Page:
Announcing Processor, the new name for this newsletter
Hello and well met! You're reading the first newsletter we're calling Processor. It's a newsletter about "computers," but I am using that term in a winky way. What I mean is consumer technology: gadgets, tablets, computers, phones, software, and the companies that make the products we use every day. So Processor is about the computers that are all around us — on your wrist, on your wall, and yes, your lap, too.
Every day I'll be rounding up the most important tech stories from The Verge and delivering them into your inbox with short commentaries and the occasional editorial essay. You can find an archive of previous newsletters here if you're looking for examples of what I mean. That archive exists, by the way, because this newsletter has until now been called Command Line — if you're already subscribed to that, Processor is the same thing.
This newsletter's goal will be to catch you up quickly on the biggest news in consumer tech every morning and also to give you sharp, pithy commentary on it.
Hopefully that's not any different from what you've already been getting in your inbox from Command Line. Thanks to TC, Jake, and everybody who started that newsletter (which is this newsletter) and for letting me take the reins. Command Line is dead. Long live Command Line, er, Processor.
Okay, I promised some thoughts on CES last year and so I'll deliver those after the links. It's starting this weekend!
But the CCPA is likely to be an even greater compliance challenge. It's the first sweeping legislation in the US to give consumers control over how their personal information is used online, and may signal how other states will seek to protect their residents' privacy, Hirsch says.
Fines can now reach $10,000 per call. The law also requires major carriers such as AT&T, Verizon, and T-Mobile to use a new technology called STIR/SHAKEN to help customers know if they're being targeted by a robocaller with a spoofed number.
The flavored pod ban would be a step back from the nearly complete flavored vape ban the Trump administration initially floated back in September, as lung injuries from vaping were on the rise. There are two notable changes: menthol flavoring would be allowed, in addition to tobacco; and the flavor ban would only be applied to pods — flavored nicotine liquids could still be sold for open tank systems, according to the reports.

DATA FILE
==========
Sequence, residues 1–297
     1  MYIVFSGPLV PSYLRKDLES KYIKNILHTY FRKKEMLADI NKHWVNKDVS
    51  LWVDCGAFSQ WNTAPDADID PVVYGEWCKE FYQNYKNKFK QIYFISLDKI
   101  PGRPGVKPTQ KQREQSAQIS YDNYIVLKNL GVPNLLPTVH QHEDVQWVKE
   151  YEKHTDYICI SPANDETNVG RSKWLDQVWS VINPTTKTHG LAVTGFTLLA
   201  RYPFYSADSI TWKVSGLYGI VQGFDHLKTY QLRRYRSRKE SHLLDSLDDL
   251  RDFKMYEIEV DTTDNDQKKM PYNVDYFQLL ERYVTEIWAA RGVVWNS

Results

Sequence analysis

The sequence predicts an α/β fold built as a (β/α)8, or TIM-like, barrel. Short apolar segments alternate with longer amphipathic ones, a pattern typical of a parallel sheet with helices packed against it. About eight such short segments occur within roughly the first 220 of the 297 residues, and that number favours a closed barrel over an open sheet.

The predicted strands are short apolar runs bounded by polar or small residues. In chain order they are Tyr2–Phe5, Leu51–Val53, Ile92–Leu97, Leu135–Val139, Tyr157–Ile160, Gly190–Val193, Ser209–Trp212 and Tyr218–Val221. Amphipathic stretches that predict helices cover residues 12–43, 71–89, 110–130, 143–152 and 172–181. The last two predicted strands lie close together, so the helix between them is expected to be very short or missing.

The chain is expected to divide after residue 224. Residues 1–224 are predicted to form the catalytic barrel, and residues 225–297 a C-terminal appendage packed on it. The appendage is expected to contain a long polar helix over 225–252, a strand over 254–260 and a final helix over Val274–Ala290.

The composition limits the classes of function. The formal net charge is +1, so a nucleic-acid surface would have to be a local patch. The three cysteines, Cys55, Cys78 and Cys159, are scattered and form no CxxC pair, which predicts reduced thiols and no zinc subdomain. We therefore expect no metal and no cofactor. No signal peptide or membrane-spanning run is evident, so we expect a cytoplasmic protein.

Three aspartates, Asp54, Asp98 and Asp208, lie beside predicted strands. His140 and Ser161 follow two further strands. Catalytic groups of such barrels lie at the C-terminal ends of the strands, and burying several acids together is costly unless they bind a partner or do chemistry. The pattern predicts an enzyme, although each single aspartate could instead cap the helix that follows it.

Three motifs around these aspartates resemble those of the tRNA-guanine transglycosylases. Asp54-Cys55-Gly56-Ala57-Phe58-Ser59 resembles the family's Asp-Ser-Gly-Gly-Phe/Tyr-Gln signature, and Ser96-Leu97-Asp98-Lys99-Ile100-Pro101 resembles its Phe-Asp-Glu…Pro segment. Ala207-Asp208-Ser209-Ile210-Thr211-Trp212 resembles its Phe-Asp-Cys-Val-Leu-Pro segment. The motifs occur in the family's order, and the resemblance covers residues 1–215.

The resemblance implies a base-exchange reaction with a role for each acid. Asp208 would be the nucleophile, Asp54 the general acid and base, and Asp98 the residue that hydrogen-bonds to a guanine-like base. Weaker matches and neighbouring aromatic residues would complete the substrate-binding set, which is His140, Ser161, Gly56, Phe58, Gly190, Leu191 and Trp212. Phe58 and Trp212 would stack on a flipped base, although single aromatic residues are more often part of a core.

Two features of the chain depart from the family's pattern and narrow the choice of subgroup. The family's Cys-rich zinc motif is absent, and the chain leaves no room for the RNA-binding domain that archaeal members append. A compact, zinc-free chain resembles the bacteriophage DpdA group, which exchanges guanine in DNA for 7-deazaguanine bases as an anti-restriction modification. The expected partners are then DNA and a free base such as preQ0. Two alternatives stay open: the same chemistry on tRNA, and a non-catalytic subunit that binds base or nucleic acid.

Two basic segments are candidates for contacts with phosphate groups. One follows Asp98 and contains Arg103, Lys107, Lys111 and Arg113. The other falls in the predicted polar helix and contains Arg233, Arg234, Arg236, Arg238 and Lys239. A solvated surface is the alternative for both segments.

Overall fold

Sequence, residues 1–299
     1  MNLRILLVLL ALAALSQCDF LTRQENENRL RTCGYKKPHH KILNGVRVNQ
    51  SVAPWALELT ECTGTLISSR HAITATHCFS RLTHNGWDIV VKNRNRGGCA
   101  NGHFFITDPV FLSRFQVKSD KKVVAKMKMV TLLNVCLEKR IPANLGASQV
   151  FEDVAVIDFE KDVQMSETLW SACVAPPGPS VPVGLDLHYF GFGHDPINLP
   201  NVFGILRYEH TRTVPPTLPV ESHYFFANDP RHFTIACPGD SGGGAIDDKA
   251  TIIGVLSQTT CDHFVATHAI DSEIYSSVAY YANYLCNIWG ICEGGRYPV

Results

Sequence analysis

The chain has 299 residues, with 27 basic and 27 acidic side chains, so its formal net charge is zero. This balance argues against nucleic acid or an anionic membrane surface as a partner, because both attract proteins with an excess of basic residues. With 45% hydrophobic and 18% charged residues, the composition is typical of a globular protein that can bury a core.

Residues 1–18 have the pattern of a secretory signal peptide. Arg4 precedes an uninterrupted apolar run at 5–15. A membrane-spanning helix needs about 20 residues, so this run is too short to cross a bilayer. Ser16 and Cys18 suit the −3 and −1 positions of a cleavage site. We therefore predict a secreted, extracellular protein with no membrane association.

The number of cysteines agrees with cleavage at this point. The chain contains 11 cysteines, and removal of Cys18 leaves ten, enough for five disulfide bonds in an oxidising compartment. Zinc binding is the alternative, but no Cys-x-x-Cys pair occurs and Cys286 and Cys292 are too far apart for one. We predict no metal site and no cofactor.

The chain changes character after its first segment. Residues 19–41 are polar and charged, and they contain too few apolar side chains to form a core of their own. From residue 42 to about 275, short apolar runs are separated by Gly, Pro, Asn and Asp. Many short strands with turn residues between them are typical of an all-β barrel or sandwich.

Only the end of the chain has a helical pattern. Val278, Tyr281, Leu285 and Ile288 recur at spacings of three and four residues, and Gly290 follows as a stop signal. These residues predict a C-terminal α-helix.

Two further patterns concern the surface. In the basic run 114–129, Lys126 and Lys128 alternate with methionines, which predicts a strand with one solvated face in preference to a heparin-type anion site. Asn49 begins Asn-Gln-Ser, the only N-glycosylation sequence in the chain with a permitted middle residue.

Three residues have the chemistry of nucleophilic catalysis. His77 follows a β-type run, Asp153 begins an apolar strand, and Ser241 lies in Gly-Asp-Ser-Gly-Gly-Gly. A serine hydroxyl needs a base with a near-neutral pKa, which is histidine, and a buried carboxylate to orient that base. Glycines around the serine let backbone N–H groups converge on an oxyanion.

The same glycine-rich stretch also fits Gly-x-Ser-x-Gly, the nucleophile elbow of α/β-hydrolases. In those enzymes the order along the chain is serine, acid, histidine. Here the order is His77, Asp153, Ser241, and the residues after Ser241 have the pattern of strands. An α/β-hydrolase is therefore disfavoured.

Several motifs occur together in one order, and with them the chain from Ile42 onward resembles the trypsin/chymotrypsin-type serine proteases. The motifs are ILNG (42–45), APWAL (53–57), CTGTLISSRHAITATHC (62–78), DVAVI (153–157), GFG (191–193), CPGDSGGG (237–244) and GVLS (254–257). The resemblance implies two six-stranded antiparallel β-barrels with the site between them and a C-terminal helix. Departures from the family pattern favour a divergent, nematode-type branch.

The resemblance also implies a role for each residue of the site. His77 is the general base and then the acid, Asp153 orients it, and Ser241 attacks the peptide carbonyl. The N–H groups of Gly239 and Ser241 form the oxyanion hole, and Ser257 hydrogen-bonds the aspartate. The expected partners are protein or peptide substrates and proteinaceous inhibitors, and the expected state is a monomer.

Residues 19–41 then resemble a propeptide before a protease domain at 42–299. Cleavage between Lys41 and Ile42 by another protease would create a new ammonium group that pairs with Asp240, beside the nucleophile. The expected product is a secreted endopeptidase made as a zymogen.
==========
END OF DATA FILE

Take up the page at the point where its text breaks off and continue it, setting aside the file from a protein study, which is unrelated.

What's coming for gadgets in 2020 and at CES
This editorial appears on our full CES preview, which also has a breakdown of a few big categories in consumer tech, including phones, rideables, PCs, headphones, gaming, and more. It's going up on The Verge today, look for it!
In 2020, this is what to expect in the world of consumer tech: the best stuff is going to get more powerful and more premium. At The Verge, we actually don't like calling stuff "premium" because it's such an overused word. But this year, it's going to get used even more and, well, it fits. It tells you that the best stuff is going to get better and — more importantly — more expensive.
The changes are also premium because a lot of the improvements at the high end are going to be things that most people won't need: 5G phones are going to be everywhere — maybe even coming from Apple — but the networks for them are still nascent. TVs are going to get new features like high refresh rates that will matter to gamers, but perhaps no one else. And the latest PC chips could be the biggest leap for laptops we've seen in years, but we won't know until they start getting released at scale.
A lot of gadgets will fold in half, too — which is going to be neat, but we don't know if it will be necessary.
Other innovations will be a little more practical. Those scooters you see everywhere? They're not going away, but they should be getting a little more robust and a little less disposable. And as the year winds on, we'll see the console wars heat up again as Sony and Microsoft get their new consoles ready for battle.
There's one more big trend to talk about that's more software than hardware: streaming TV. The streaming wars are in full tilt and we'll get even more services launching in 2020. How many will most people be willing to subscribe to and how much will all these competitors spend on making new shows? Answers, respectively: more than they want to and way more than you'd expect.
All of these trends are set to kick off at the Consumer Electronics Show in Las Vegas. The Verge will be there, with coverage starting in earnest on Sunday, January 5th. CES won't have every major gadget that will matter this year, but it is a place to see where the electronics industry is going. Walk into any big box store and you'll see TVs for a couple hundred dollars with features that were multithousand-dollar curiosities just a few years ago. Phones with in-screen fingerprint sensors debuted at CES only to become ubiquitous a couple years later.
Since the biggest tech companies usually save their best products for their own announcements, you can also expect CES to be a place where smaller players have a better shot at their time in the spotlight.
Trickle-down economics isn't a viable economic theory anymore, but it still applies to gadgets. The stuff at the top eventually gets commoditized, with prices coming down and fancy features hitting the mainstream. In 2020, that'll keep happening — and the premium gadgets will mostly be about making existing categories better instead of creating new ones.
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You are reading Processor, a newsletter about computers by Dieter Bohn. Dieter writes about consumer tech, software, and the most important news of the day from The Verge. This newsletter delivers about four times a week, at least a couple of which include longer essays.